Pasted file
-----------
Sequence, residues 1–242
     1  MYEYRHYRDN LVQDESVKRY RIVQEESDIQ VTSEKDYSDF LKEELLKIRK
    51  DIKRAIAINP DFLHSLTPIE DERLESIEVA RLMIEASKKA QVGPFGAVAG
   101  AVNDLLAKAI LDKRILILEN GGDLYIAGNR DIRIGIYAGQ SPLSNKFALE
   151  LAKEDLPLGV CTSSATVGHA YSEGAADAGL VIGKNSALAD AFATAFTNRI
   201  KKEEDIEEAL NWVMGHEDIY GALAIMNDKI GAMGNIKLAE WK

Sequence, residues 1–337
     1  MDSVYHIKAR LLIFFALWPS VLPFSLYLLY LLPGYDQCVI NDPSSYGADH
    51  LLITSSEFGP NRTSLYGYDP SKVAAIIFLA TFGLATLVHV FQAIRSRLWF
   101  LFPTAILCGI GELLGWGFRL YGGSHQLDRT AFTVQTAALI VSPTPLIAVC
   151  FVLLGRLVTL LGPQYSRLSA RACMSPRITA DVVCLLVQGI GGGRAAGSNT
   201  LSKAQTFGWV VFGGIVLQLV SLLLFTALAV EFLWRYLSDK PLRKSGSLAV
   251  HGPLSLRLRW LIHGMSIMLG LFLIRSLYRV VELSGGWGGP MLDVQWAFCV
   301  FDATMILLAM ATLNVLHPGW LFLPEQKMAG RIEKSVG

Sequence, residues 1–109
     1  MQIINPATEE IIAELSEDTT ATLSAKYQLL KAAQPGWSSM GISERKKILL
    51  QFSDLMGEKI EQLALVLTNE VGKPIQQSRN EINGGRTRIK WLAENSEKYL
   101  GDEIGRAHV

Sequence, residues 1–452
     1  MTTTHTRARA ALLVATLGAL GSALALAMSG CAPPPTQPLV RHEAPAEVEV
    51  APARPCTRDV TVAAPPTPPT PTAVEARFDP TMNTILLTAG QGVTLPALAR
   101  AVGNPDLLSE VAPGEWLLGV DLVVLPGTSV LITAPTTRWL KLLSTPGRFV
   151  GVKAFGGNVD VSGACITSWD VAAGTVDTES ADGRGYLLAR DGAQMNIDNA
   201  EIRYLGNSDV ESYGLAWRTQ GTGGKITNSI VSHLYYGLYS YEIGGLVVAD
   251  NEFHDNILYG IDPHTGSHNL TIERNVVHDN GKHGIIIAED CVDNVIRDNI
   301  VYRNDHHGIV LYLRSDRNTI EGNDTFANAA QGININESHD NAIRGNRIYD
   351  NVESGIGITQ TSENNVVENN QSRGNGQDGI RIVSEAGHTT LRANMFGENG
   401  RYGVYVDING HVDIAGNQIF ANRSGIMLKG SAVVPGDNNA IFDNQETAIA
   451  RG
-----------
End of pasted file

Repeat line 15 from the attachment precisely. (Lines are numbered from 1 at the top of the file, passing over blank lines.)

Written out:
Sequence, residues 1–109